updated 07:32 pm EDT, Mon June 23, 2014
Search giant plays with the idea of a domain registration services for small business
As is Google tradition, another feature it is testing was recently released to the public while still in a beta phase. Google, recognizing the need for businesses to start an online presence with a website, is jumping into the domain registration business with Google Domains. Starting with a small test group, Google is exploring the customer needs that can be fulfilled through the service.
Google is looking to make Google Domains widely available soon, but it's focusing now on the features that roll out when it goes live. All of the features apply to domains that are transferred to or purchased through Google's new service. One of the biggest features so far is the fact that Google won't charge people an extra fee for a private registration. The cost of keeping user information private is covered by the company, but it notes that not all domain endings support private registration.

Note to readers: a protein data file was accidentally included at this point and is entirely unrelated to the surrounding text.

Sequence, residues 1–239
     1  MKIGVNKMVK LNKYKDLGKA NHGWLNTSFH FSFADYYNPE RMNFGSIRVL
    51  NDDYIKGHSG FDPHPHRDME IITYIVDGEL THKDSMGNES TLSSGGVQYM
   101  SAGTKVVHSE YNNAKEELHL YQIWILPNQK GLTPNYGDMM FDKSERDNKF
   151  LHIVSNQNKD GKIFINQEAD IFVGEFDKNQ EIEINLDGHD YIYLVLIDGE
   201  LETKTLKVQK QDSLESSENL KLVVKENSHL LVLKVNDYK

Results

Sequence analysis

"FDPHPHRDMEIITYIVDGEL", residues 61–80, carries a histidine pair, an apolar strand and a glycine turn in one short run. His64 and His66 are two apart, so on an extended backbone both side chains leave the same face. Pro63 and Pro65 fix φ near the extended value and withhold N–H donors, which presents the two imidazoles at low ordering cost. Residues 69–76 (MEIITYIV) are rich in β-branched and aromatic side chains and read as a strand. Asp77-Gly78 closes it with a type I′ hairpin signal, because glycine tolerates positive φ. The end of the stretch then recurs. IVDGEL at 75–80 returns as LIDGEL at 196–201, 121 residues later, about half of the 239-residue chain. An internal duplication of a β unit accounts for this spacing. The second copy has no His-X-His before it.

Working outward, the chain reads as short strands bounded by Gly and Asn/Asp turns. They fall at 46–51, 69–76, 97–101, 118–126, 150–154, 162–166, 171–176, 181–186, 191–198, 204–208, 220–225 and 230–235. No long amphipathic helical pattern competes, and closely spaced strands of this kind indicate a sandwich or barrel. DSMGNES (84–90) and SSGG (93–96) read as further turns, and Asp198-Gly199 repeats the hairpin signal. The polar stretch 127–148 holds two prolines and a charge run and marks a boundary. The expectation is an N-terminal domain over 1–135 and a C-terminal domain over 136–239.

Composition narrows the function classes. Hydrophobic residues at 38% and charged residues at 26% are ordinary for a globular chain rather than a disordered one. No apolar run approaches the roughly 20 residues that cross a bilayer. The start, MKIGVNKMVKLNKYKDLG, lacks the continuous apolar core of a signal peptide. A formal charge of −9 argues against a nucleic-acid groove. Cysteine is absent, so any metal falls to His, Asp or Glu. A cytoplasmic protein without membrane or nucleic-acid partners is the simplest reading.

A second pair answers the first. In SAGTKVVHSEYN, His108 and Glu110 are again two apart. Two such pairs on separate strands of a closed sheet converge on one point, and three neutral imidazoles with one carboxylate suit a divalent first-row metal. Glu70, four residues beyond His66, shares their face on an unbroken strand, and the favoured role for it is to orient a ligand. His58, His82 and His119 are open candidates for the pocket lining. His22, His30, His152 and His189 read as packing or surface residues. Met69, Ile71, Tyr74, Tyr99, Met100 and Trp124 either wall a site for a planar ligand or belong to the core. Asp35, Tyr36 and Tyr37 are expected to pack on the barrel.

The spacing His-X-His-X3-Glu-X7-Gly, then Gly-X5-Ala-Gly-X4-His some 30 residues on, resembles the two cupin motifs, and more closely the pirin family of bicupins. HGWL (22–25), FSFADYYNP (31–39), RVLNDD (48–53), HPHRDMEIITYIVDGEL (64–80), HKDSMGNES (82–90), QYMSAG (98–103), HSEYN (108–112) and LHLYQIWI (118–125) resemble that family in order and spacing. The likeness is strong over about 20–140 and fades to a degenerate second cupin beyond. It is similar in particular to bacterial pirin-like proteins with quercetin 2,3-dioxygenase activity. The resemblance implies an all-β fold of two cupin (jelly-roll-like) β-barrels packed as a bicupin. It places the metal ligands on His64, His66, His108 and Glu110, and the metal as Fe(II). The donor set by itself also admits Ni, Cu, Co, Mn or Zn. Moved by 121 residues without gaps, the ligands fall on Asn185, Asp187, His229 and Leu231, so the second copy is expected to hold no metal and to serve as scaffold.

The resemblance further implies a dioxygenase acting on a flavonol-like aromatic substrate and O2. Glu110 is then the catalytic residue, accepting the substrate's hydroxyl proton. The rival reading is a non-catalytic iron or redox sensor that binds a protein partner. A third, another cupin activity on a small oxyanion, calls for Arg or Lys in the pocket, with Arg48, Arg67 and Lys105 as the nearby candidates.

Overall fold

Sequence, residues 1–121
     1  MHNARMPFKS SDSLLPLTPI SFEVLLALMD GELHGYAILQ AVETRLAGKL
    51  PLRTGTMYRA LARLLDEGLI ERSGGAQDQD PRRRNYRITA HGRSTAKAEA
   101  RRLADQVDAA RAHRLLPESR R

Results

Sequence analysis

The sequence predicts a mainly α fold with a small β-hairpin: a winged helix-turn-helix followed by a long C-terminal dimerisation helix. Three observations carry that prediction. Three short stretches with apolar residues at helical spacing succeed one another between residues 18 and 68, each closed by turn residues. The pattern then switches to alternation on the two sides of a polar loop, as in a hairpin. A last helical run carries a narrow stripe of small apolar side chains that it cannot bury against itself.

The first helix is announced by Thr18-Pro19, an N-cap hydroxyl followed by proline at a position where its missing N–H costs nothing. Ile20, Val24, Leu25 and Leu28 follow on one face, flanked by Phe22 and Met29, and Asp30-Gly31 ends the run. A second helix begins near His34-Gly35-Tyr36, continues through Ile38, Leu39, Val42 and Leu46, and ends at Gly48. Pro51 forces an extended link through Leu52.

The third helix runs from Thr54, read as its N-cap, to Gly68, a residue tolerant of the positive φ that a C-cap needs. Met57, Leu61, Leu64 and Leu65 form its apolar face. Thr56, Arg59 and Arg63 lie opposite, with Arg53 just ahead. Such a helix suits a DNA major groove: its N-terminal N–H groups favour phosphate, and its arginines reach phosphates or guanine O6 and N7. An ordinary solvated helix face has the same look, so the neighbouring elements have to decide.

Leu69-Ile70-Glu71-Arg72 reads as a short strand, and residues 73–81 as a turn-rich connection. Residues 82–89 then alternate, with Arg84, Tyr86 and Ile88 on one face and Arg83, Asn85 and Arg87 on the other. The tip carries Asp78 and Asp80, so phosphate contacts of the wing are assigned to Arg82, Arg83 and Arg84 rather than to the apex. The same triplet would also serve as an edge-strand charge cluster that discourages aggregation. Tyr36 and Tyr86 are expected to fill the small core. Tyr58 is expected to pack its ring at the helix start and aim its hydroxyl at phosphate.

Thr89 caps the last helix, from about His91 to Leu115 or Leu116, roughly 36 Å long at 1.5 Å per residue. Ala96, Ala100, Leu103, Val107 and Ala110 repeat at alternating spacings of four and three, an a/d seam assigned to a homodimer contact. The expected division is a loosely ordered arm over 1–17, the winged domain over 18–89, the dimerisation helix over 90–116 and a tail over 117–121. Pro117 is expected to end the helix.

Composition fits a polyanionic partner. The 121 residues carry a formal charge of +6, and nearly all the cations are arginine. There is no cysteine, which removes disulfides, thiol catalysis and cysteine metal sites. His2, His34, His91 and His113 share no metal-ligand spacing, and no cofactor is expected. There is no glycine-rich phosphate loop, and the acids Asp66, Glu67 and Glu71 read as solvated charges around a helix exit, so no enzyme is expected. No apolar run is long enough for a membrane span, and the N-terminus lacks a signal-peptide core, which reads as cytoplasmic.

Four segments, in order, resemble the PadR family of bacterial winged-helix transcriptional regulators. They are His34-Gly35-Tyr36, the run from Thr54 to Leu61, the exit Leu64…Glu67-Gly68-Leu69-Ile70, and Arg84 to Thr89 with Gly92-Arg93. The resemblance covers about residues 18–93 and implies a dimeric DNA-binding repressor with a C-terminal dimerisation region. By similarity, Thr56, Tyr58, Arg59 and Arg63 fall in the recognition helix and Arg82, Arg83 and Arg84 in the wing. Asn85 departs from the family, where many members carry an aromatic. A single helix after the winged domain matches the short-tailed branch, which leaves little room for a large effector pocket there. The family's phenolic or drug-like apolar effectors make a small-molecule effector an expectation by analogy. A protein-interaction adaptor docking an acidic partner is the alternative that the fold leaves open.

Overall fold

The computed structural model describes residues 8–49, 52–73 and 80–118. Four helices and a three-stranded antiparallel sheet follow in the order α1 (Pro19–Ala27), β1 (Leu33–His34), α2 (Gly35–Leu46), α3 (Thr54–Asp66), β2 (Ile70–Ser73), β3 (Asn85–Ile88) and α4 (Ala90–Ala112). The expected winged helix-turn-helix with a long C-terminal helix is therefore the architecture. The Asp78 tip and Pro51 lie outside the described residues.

With each domain, the service comes with the ability to add up to 100 sub-domains. Email forwarding is included as well, allowing the creation of 100 aliases for a domain. These aliases can forward to existing email accounts. Google Domains covers some standard features many website owners are already familiar with, such as domain forwarding. As new domain endings surface, Google says it will support them.
While Google won't host the websites associated with the domains, users can take advantage of the company's DNS servers. In terms of DNS population, there are few companies with the same sort of centralized, quick setup. Domains offers tech support on weekdays from 9AM to 9PM EST for those needing help.
Those that need a fully-functional website, but lack the know-how, can look forward to teaming up with one of the featured website builders through Domains. Shopify, Wix.com, Squarespace and Weebly webpage-building services are available for an additional fee.
Even though Google Domains is in the building stage, interested people can still look at the site. However, Google requires an activation code to access its features. If users search for a domain, they are given the option to request an invite into the small sampling pool.